Friday, April 16, 2004

In and Out of the Box
Pepe Escobar of Asia Times paints a dark picture of what's going on in Najaf and Fallujah--its roots and likely fruits. To me, it looks as though if we attack Najaf and another holy city, Karbala, what happens next may be something we can no longer control with firepower. Elsewhere, Carolyn Lochhead of the San Francisco Chronicle surveys the concerns of Washington insiders about Iraq. While not ready to declare failure yet, what the analysts have to say makes it clear that failure is not unthinkable, no matter what Bush believes.

(By the way, hats off to the Chronicle's website, SF Gate, which has finally seen fit to bring back columnist Mark Morford, who vanished without a trace nearly six weeks ago and only resurfaced last weekend. Seems there was an unexpected, ugly legal kerfuffle caused by his daily e-mail newsletter--which may not be back.)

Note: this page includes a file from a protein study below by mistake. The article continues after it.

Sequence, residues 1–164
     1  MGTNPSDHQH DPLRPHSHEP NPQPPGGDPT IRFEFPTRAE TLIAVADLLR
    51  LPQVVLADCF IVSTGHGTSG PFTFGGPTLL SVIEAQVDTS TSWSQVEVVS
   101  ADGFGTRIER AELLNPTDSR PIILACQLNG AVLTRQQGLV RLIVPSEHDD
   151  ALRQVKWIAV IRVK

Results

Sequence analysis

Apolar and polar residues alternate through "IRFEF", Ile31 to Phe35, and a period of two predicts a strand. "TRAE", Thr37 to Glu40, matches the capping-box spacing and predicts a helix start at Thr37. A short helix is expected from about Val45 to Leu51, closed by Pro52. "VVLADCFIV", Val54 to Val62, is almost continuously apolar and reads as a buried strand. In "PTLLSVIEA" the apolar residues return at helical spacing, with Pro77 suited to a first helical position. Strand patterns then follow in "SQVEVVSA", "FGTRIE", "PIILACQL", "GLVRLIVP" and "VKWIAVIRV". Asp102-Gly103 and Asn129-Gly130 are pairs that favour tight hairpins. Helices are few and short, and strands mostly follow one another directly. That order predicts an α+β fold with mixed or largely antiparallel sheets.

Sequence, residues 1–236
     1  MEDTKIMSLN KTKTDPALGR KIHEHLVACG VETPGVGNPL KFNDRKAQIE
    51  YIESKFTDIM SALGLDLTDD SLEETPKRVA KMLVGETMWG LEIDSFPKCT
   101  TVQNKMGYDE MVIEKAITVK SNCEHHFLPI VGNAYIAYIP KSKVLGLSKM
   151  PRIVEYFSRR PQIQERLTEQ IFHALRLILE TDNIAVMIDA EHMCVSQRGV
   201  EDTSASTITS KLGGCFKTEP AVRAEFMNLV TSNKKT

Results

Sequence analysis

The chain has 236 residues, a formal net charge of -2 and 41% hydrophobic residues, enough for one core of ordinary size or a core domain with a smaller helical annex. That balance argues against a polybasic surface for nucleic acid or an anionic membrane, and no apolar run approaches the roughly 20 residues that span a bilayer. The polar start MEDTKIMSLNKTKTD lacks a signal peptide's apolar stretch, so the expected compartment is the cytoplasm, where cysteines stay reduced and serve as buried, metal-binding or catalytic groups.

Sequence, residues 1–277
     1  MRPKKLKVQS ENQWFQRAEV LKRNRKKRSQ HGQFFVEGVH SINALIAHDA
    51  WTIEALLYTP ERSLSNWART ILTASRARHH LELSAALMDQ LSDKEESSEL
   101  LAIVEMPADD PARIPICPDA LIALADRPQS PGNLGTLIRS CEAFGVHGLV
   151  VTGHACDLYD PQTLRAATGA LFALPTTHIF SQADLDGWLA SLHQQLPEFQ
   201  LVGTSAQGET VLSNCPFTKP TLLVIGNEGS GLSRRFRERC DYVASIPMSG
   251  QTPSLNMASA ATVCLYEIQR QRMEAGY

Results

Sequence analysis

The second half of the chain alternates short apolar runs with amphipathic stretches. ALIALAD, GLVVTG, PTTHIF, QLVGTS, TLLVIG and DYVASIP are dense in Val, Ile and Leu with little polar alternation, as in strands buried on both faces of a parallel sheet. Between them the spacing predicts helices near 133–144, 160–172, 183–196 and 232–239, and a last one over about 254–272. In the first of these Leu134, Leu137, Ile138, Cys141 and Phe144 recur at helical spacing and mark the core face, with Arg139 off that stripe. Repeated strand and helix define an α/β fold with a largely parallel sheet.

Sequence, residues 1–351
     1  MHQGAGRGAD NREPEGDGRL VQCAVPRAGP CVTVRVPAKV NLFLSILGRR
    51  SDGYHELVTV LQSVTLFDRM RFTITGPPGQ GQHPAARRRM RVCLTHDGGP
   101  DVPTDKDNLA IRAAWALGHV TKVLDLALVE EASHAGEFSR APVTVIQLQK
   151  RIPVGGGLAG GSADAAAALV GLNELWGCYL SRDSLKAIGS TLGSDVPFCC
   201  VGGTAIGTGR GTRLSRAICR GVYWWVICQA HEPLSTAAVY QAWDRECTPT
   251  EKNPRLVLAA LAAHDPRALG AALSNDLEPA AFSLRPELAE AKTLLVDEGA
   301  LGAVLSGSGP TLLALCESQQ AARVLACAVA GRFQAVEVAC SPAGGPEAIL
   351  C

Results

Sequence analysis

Recommended reading: Democrats are forever getting put in boxes by the way Republicans choose to frame debate. They're left to explain how they can vote against something called the Healthy Forests Initiative (even though it's actually about increased logging) or the No Child Left Behind Act (which leaves behind millions). At Best of the Blogs today, Evelyn Keyes imagines making Republicans play a similar sort of impossible defense. She comments on a tax increase bill passed by the lower house of the Virginia state legislature. Repugs would like to put the increase proposal to a referendum, presumably so they could demagogue it to death. If so, Evelyn suggests phrasing the question this way: "If we raised the taxes for the very richest people in the state so you folks would have better education and roads, would you vote 'yes' or 'no'?"

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